What is a Collaborative Divorce?
According to the Centers for Disease Control, based on data from 44 states in the United States, the divorce rate in the country for 2011 was 3.6 per for every 1,000 persons. This sad fact brings home the necessity of causing as little pain as possible while going through the divorce procedure. This is where collaborative divorce can provide the kindest possible alternative for couples who no longer find it possible to live as husband and wife.
History of Collaborative Divorce
A good number of articles on collaborative law credit Stuart “Stu” Webb with the conceptualization of collaborative divorce. Disillusioned by the hostile and adversarial direction of most divorces, the family law attorney resolved to find a way to help couples dissolve their marriage while still maintaining their parental relationship.
Today there are more than 20,000 lawyers practicing collaborative law, and practitioners are now able to refer to the Uniform Collaborative Law Act (UCLA) for a uniform, professional application of the law.
Features of Collaborative Divorce
Collaborative divorce has some features that distinguish it from other types of divorce. While many are under the impression that it is identical to divorce mediation, collaborative divorce is qualitatively and procedurally a different process.
• Couples who choose to undergo collaborative divorce treat the divorce as a course of action they will undertake together. While they are by no means neutral, they commit to crafting a negotiated settlement in good faith.
• When a couple agrees to undergo a collaborative divorce, they commit to keeping the process out of the courtroom.
• The couple who is about to terminate their marriage define the issues that they must resolve and work on together.
• They identify the collaborative attorneys they will be working with, and they agree to suspend court intervention.
The Collaborative Divorce Process
The commitment to being fair, respectful, and reasonable throughout the process may or may not be written into the couple’s contract, but it is nevertheless an essential ingredient in collaborative divorce.
As the parties go through the divorce process, they will naturally come to discussions about assets and liabilities. A collaborative divorce is possible only when both parties are transparent about their finances; this alternative option excludes “discovery”, a legal process through which all legal means can be used to unearth any assets that the other party may be hiding.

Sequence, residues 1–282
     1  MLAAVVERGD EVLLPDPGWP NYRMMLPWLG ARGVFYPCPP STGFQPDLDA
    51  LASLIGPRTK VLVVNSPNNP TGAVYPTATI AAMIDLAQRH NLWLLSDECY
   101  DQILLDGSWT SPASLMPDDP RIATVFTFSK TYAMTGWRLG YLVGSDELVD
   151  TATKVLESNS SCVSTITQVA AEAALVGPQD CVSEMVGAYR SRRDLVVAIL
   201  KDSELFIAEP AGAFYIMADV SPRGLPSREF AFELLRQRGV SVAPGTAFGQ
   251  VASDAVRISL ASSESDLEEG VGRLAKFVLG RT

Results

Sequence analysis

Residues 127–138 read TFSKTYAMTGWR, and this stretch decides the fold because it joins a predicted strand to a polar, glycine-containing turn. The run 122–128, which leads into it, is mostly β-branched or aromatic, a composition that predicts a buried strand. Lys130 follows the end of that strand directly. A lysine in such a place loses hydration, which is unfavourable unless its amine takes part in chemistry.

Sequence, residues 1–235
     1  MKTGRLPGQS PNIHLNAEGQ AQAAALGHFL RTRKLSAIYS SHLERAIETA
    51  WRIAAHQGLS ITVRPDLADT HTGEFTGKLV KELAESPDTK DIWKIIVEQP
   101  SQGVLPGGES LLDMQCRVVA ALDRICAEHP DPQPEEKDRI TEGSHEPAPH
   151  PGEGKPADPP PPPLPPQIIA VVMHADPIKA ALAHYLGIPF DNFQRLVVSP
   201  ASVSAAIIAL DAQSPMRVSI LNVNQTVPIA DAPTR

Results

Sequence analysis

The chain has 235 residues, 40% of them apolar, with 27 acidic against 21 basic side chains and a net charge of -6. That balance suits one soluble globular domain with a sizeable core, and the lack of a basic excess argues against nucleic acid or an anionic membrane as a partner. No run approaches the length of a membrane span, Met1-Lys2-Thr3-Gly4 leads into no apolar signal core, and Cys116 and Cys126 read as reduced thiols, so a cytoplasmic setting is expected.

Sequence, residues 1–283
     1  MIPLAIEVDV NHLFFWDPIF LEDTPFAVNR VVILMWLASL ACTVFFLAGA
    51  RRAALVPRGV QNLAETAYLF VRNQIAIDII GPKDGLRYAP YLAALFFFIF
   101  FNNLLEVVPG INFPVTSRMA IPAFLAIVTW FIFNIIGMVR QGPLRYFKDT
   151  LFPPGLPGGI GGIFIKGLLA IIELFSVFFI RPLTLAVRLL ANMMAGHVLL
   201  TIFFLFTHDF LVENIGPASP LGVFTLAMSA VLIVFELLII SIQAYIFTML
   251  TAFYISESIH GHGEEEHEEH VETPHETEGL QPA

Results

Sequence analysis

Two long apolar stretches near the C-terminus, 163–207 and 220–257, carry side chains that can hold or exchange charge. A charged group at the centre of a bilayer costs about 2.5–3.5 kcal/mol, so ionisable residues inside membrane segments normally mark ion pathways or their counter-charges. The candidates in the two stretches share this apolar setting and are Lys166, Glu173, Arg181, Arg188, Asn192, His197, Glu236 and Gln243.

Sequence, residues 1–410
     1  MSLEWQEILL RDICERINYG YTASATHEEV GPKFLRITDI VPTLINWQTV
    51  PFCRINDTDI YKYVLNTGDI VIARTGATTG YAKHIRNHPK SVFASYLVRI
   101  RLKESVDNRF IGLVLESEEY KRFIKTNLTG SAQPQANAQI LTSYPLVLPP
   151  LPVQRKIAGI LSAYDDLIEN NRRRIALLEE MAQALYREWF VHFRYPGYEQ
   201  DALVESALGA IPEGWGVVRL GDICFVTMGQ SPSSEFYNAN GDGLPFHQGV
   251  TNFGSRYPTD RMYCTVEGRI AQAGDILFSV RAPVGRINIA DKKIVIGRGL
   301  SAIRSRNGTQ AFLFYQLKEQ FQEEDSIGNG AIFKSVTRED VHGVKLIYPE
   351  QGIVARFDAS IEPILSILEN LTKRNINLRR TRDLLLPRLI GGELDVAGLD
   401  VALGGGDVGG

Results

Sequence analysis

Professionals such as accountants, child custody experts, and psychologists, are often involved in collaborative divorce as the spouses discuss various aspects of their lives as a family. However, any information gathered by these experts cannot be used in court if the spouses decide to litigate later.
During the process, the collaborative lawyers are allowed to give advice to their clients– with each of the spouses having their own counsel. If the spouses reach an agreement, they can draw up a contract which a judge can sign. When that is done, the spouses end up with a simple, uncontested divorce without the usual hearings.
Making Collaborative Divorce Work
Collaborative divorce is an option only when both parties are determined and able to work towards a win-win solution. It is not appropriate for couples who are adversarial and who want to get the better end of the deal, and neither is it an acceptable route for people who want revenge or are determined to hide assets from the other party.
To make collaborative divorce work, a couple must be willing to look forward, and above all things, they must want to keep family and parental relations intact – even when they no longer live together.